Full Dark, No Stars--Stephen King

I received Mr. King's latest opus as a Christmas gift and finished it this morning.

The book lives up to the title, and one can only hope that it serves as a form of therapy or hope for Mr. King, for if not, the darkness is very dark indeed. For the most part, it is fairly standard King fare, rats (hearkening back to very early work in his first short story collection, which in turn hearkens back to H. P. Lovecraft's "The Rats in the Walls"), a tale of rape, near-murder and revenge, a story about a marriage--with secrets, and a Needful Things extension, which is, perhaps the ugliest and most deeply disturbing story in the book.

Indeed, it was this tale that actually caused a gut-churning nausea--not because of the details--which, in fact, were mild in the realm of Kingian detail, but the very concept of the story was deeply disturbing to me.  It truly exemplified Roethke's famous line, "Dark, dark my light and darker my desire."

All  of the stories in the book are dark, darker by far than much of what Mr. King has produced before.  One might say that the outer darkness so prevalent in much of Mr. King's fiction has through time undergone a transformation to a deep inner darkness.  In some cases, this darkness has been provoked by incidents beyond the perpetrator's control.  But, and this is what makes "Fair Extension" so deeply disturbing, Mr. King has come to the realization that some of us choose deep darkness and evil and choose it willingly.  And Mr. King is very, very Aquinian in his understanding of this choice--no one chooses darkness for darkness, but they choose darkness because they see good.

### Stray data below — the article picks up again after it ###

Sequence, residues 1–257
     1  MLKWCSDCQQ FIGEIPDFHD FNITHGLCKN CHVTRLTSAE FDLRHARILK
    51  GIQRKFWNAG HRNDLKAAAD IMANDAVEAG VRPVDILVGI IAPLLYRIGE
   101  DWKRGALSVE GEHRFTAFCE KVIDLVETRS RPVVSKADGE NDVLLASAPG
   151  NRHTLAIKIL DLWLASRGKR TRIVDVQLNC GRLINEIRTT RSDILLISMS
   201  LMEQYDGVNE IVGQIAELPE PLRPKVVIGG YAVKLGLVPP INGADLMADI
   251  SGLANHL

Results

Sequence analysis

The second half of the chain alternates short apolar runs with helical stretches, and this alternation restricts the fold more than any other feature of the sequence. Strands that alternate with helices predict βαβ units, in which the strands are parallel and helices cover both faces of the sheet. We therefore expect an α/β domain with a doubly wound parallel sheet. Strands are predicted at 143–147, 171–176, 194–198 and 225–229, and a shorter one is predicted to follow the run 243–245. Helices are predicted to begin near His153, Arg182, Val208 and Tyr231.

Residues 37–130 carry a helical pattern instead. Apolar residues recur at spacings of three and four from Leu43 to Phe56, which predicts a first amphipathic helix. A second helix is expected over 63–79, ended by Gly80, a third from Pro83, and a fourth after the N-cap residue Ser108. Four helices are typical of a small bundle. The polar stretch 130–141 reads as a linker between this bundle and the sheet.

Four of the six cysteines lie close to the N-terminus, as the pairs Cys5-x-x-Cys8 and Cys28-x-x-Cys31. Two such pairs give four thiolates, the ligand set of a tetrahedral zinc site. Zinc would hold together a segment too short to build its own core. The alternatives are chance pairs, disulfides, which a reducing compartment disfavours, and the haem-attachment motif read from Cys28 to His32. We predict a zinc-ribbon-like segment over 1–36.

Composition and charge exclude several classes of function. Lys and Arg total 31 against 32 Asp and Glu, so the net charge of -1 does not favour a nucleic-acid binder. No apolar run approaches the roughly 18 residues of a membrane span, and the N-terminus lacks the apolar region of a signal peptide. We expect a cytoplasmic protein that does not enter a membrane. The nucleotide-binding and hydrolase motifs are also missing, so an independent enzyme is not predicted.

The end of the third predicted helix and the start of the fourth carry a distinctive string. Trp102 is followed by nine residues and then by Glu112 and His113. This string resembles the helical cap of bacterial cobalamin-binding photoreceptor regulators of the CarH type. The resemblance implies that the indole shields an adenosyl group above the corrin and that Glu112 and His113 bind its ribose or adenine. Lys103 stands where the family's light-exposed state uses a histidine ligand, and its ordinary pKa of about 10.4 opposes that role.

These stories are good, well-written, haunting in the best sense of that term.  For me the most haunting being the dark choice of "Fair Extension" and the good that plays out from it--good for one--not so much for another.  Again, not a new theme for Mr. King, think Thinner.

What is refreshing is to see a distinct lack of excess, a deliberation and a control that I had thought had long since left Mr. King's command.  Also refreshing is the relative lack of political diatribe that has polluted some of the more recent (and very fine) work such as Duma Key.

For fans of this master of dark tales, highly recommended.  For those who have not yet entered the pale, you might be well advised to keep away--this form of nightshade is less poisonous, but highly addictive.



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